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10 Interesting Irish Terrier Facts (Vet-Verified)

Written by: Nicole Cosgrove

Last Updated on May 10, 2024 by Dogster Team

Irish terrier dog sitting in green bushes

10 Interesting Irish Terrier Facts (Vet-Verified)


Dr. Amanda Charles Photo


Dr. Amanda Charles

BVSc MRCVS (Veterinarian)

The information is current and up-to-date in accordance with the latest veterinarian research.

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Irish Terriers, known as the “Daredevils” of the Emerald Isle, boast a typical terrier personality with a brave—but often stubborn—temperament. They’ve been used in Ireland as all-purpose farm dogs for centuries, particularly with ratting on farms, but they can also hunt, guard, and keep watch.

However, there may be some information about this dog that you don’t know. Here are 10 fascinating facts about Irish Terriers.

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The 10 Facts About Irish Terriers

1. They Weren’t Always Redheads

Early Irish Terriers weren’t just their signature ginger color. They came in black and tan, gray and brindle, and other colors. However, at the end of the 19th century, the solid red coat became a fixture of the breed.

Beautiful irish terrier puppy portrait outdoor_Mariya
Image Credit: Kuzema, Shutterstock

2. They’re Fast

Irish Terriers are no match for sighthounds like Greyhounds and Whippets, but they are one of the raciest members of the Terrier Group. Their long bodies and long legs make them swifter than many other terriers.

3. They’re One of the Oldest Terrier Breeds

Irish Terriers are believed to have been around since at least the 1870s, which makes it one of the oldest terrier breeds in the group.

4. They’re the Only Solid Red Terrier

Another distinction with the Irish Terrier is that they’re the only all-red terrier. Though other terriers can come in red, Irish Terriers have solid reds as a breed standard, including golden red, red wheaten, or wheaten.

irish terrier dog posing on a bench
Image Credit: otsphoto, Shutterstock

5. They’re Extremely Loyal

Working on rural Irish farms for hundreds of years gave Irish Terriers a great way with people. They have a highly developed sense of loyalty to their families and usually get along well with children and new people.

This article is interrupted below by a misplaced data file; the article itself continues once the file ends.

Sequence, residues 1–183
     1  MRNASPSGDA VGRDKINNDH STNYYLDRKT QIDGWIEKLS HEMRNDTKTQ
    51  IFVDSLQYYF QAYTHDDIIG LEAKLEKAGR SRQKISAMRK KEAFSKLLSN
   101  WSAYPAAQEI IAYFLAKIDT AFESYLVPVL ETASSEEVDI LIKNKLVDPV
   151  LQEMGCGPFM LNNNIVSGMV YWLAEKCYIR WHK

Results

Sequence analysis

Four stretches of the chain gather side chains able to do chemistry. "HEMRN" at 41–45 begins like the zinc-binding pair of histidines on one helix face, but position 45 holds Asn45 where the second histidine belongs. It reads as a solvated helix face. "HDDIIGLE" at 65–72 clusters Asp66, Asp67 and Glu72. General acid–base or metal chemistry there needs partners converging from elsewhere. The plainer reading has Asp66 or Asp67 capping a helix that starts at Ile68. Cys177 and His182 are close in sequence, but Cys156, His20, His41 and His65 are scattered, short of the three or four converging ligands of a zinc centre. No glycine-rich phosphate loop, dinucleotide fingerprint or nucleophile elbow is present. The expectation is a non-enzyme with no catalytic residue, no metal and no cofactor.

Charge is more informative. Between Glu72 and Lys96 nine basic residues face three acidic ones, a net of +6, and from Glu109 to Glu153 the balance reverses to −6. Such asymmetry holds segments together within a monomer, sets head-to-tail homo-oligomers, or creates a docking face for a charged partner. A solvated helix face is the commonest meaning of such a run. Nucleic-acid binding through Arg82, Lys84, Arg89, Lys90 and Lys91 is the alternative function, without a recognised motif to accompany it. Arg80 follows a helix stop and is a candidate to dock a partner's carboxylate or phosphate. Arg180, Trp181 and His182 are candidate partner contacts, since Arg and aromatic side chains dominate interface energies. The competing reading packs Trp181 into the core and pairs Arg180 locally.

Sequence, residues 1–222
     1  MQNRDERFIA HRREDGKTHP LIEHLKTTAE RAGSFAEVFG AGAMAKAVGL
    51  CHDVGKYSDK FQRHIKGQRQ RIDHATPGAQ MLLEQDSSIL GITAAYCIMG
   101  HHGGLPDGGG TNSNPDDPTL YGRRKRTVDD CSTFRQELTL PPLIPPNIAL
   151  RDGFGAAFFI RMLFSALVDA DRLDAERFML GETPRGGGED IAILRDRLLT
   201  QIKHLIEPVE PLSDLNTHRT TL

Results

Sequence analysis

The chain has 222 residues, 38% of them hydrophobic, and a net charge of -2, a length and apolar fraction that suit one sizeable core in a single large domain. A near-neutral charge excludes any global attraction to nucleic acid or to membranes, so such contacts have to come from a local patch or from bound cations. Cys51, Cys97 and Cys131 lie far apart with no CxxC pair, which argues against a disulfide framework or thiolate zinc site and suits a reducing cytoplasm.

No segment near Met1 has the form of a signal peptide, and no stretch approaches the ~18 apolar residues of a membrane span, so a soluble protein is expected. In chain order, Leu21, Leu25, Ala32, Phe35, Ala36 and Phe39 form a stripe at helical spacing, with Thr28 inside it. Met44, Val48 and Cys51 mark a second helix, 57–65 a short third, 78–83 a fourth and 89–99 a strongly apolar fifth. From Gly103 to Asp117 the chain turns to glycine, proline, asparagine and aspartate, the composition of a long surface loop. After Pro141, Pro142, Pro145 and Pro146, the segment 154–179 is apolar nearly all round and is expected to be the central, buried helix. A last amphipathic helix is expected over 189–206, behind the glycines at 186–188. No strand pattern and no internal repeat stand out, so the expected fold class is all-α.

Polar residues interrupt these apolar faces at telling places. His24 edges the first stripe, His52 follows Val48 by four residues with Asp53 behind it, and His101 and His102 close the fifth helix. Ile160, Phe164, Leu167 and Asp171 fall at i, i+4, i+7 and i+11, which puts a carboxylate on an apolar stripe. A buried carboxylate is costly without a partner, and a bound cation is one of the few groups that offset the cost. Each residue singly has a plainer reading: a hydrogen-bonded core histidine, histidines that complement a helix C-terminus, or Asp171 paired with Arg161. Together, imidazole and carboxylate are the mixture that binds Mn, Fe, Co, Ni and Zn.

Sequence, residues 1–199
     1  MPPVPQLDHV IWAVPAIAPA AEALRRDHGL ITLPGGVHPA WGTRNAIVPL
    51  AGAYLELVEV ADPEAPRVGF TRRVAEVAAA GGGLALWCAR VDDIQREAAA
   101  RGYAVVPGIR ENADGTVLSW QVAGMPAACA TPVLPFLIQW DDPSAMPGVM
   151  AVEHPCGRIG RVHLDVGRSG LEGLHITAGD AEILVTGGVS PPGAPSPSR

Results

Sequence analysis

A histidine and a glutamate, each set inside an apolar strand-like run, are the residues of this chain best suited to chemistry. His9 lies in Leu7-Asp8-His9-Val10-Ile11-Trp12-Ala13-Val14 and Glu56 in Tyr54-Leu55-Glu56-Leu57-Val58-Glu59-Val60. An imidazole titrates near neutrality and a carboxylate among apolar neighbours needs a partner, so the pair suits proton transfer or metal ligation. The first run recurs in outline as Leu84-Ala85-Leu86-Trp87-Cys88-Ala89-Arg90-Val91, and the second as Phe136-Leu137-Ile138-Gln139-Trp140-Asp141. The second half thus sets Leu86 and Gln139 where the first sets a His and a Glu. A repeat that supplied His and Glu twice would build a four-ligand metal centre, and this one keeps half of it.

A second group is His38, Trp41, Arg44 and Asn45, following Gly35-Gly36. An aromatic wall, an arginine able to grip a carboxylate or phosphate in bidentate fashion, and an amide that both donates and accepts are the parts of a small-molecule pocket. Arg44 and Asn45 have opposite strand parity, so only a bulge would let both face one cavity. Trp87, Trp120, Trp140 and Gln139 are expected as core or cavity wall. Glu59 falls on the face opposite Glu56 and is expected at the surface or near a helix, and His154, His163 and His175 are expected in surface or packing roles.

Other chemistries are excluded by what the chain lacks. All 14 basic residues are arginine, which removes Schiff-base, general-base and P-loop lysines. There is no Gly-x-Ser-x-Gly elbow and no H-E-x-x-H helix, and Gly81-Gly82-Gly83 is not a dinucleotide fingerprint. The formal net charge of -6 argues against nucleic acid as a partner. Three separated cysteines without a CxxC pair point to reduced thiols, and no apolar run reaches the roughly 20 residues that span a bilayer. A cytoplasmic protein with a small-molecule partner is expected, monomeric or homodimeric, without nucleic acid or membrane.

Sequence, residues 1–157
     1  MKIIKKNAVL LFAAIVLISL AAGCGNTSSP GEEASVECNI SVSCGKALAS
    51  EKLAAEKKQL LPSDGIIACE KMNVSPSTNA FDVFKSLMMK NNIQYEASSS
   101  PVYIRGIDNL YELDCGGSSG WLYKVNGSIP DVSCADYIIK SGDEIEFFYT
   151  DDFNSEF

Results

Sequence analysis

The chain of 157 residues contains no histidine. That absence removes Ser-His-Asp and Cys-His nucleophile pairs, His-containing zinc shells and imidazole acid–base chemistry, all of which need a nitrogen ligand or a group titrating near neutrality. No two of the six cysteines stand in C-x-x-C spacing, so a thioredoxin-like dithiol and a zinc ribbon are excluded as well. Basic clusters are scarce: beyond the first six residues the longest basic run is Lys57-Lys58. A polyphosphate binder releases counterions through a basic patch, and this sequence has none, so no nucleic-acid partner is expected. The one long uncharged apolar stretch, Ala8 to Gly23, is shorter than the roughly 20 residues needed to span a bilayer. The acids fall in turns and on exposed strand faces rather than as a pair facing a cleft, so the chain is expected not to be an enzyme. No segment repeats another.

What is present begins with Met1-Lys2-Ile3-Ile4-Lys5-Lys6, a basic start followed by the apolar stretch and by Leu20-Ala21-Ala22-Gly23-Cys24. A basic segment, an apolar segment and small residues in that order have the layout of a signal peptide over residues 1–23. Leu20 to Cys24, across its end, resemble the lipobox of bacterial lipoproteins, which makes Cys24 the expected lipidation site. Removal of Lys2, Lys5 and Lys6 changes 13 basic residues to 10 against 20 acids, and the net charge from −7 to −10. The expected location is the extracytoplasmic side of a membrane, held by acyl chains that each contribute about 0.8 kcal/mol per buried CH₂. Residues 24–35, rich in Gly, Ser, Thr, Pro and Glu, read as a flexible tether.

6. They Have Unknown Origin

The exact origin of the Irish Terrier is unknown. They may have descended from black and tan terriers in the British Isles, such as the Wheaten or Kerry Blue Terrier, but there’s a possibility they share lineage with Irish Wolfhounds and other breeds.

7. They’ve Been Stars in Film and Literature

Irish Terriers have been featured in novels and movies for decades. They were the focus of two of Jack London’s books, Jerry of the Islands and Michael, Brother of Jerry, and possibly based on real dogs. Several films have featured Irish Terriers, including the 2007 film Firehouse Dog and the 2021 movie Finch.

Red Irish terrier
Image Credit: Elina Leon, Shutterstock

8. They’re a Collegiate Mascot

The University of Notre Dame had an Irish Terrier as the school mascot until the 1960s, when it was replaced by the Notre Dame Leprechaun. The terriers are still depicted in the limestone at Alumni Hall.

9. They Were Used as Messengers and Sentinels During WWI

The Irish Terrier’s intelligence and devotion was put to good use during World War I when they were used as messenger dogs to deliver critical communication and sentinels.

10. They’re Brilliant Escape Artists

Typical of terriers, Irish Terriers are brave, curious dogs with a high prey drive. They don’t usually bark excessively when something gets their attention, but they have been known to find creative ways to escape a fenced-in yard by digging or jumping.

Beautiful irish terrier puppy
Image Credit: Mariya Kuzema, Shutterstock

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Are Irish Terriers Good Family Pets?

Irish Terriers are fun, intelligent dogs that get along with family as long as they’re involved in daily activities. They are generally good with kids if appropriately socialized and trained from a young age. Interactions should be supervised though, and children also need to be taught how to interact with dogs appropriately.

The often feisty and mischievous personality of the Irish Terrier can mean they are a better pet for more experienced dog owners. They need consistent training, strong boundaries, and plenty of mental and physical stimulation to stay fit and prevent boredom.

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There’s more than meets the eye with the “red devil” Irish Terrier. While some of their early history is unknown, Irish Terriers have moved past their role as a multi-purpose farm dog in rural Ireland to become great all-around dogs, starring in movies, competing in canine sports, and acting as important messengers during WWI.

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Featured Image Credit: Ksenia Raykova, Shutterstock

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